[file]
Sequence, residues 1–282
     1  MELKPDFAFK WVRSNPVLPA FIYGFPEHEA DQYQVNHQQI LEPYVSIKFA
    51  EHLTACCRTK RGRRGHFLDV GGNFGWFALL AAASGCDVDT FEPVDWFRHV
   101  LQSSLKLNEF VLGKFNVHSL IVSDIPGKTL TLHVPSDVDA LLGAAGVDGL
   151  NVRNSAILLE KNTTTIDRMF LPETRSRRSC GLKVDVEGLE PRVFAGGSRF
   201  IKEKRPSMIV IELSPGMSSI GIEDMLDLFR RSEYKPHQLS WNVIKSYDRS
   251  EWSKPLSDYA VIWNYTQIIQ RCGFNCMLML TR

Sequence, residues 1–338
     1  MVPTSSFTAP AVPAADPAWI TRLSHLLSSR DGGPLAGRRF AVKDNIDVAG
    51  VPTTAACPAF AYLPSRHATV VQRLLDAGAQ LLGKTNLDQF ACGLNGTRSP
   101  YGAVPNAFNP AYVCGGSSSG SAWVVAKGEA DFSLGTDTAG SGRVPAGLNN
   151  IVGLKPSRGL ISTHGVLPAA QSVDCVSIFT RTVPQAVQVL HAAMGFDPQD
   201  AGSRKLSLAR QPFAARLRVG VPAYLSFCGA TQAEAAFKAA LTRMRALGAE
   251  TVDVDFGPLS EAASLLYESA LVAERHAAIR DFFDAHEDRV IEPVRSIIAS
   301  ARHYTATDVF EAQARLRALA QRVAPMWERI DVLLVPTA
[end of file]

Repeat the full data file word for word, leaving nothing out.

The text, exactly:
Sequence, residues 1–282
     1  MELKPDFAFK WVRSNPVLPA FIYGFPEHEA DQYQVNHQQI LEPYVSIKFA
    51  EHLTACCRTK RGRRGHFLDV GGNFGWFALL AAASGCDVDT FEPVDWFRHV
   101  LQSSLKLNEF VLGKFNVHSL IVSDIPGKTL TLHVPSDVDA LLGAAGVDGL
   151  NVRNSAILLE KNTTTIDRMF LPETRSRRSC GLKVDVEGLE PRVFAGGSRF
   201  IKEKRPSMIV IELSPGMSSI GIEDMLDLFR RSEYKPHQLS WNVIKSYDRS
   251  EWSKPLSDYA VIWNYTQIIQ RCGFNCMLML TR

Sequence, residues 1–338
     1  MVPTSSFTAP AVPAADPAWI TRLSHLLSSR DGGPLAGRRF AVKDNIDVAG
    51  VPTTAACPAF AYLPSRHATV VQRLLDAGAQ LLGKTNLDQF ACGLNGTRSP
   101  YGAVPNAFNP AYVCGGSSSG SAWVVAKGEA DFSLGTDTAG SGRVPAGLNN
   151  IVGLKPSRGL ISTHGVLPAA QSVDCVSIFT RTVPQAVQVL HAAMGFDPQD
   201  AGSRKLSLAR QPFAARLRVG VPAYLSFCGA TQAEAAFKAA LTRMRALGAE
   251  TVDVDFGPLS EAASLLYESA LVAERHAAIR DFFDAHEDRV IEPVRSIIAS
   301  ARHYTATDVF EAQARLRALA QRVAPMWERI DVLLVPTA